Few things can cause us more consternation than the seeming triumph of evil.
The prophet Habakkuk expressed to God a very human complaint against evil’s triumph: “Why do you make me look at injustice? Why do you tolerate wrongdoing? Destruction and violence are before me; there is strife, and conflict abounds. Therefore the law is paralyzed, and justice never prevails. The wicked hem in the righteous, so that justice is perverted” (1:3-4).
When people abuse or oppress others, when an evil person gets rewarded or promoted, the cry goes up, “Where is God? Where is justice?”
It’s amazing how many people walk around with unresolved past injustices weighing them down. Just sit and listen to folks for a while. You will hear the cries of their hearts against betrayal, abandonment, abuse, and injustice.
What answer does the Bible give to all this?
The answer in Habakkuk and elsewhere is that God is going to come down to sort things out. In the language of the church, “Christ comes again to judge the living and the dead.” In the words of the Apostle Peter, ” . . . they will have to give account to him who is ready to judge the living and the dead” (1 Pet. 4:5).
But what if we don’t believe in a final judgment? If we don’t, then where do we go with the injustices that are committed against us and others? How do we resolve them? We will probably let it eat us up inside or become cynical about good and evil in history.
Even if we believe in a final judgment, how often do we live as if we have to resolve everything? How often do we hold onto grudges and hurts as if sorting out good and evil depended completely on us?
But if we believe in a final judgment, we can let it go. This is what the Apostle Paul said in Romans 12:20, “Do not take revenge, my dear friends, but leave room for God’s wrath, for it is written: ‘It is mine to avenge; I will repay,’ says the Lord.”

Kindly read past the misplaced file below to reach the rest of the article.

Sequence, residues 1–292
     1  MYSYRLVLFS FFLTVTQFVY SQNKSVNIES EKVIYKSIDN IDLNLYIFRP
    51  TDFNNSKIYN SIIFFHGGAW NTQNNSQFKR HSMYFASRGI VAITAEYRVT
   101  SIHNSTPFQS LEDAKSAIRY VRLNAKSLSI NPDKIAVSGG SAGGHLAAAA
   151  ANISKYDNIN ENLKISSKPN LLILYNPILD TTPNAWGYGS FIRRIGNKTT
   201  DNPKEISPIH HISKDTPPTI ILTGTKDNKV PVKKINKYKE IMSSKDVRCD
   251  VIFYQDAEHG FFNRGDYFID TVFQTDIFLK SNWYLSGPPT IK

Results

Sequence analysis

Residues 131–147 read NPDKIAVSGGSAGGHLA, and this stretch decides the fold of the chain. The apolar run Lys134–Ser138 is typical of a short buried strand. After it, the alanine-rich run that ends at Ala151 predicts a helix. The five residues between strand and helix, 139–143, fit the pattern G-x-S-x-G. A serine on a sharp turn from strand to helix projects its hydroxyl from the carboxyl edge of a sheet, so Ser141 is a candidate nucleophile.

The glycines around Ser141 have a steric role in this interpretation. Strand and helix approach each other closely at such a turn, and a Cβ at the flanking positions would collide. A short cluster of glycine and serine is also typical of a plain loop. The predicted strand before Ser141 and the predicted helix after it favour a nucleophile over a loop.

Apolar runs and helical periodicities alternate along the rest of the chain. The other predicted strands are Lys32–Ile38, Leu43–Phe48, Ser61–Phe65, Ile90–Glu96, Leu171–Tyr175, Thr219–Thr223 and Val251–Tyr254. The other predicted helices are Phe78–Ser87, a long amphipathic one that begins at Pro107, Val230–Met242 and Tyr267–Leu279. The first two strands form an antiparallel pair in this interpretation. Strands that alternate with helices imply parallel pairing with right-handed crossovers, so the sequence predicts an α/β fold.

Notice that he does not say that injustices do not need to be resolved. He just says that God is the one who will resolve them. He is much more capable than we are of working them out.
Psalm 37 gives us helpful advice: “Do not fret because of evildoers . . . do not fret when people succeed in their ways, when they carry out their wicked schemes.” Modern translation: don’t let all the things that drive you crazy on Fox News or MSNBC get to you so much!
This is not to say that we should not work for justice and righteousness in human and divine relationships. On the contrary, the final judgment should gives us encouragement in our struggle against evil because we know it will ultimately be judged and defeated.
However, our ability to bring about justice is rather limited. It many cases, it is beyond us. We have to trust that God is going to bring a satisfying resolution to all this, just as He did on the cross, beautifully preserving His holiness and goodness (see Rom. 3:25).
So, where are you today? Are you living as if there will be a final judgment? How would you live differently if you really believed that God was really going to come down and satisfactorily resolve all the moral dilemmas, tragedies, and ambiguities in a final judgment?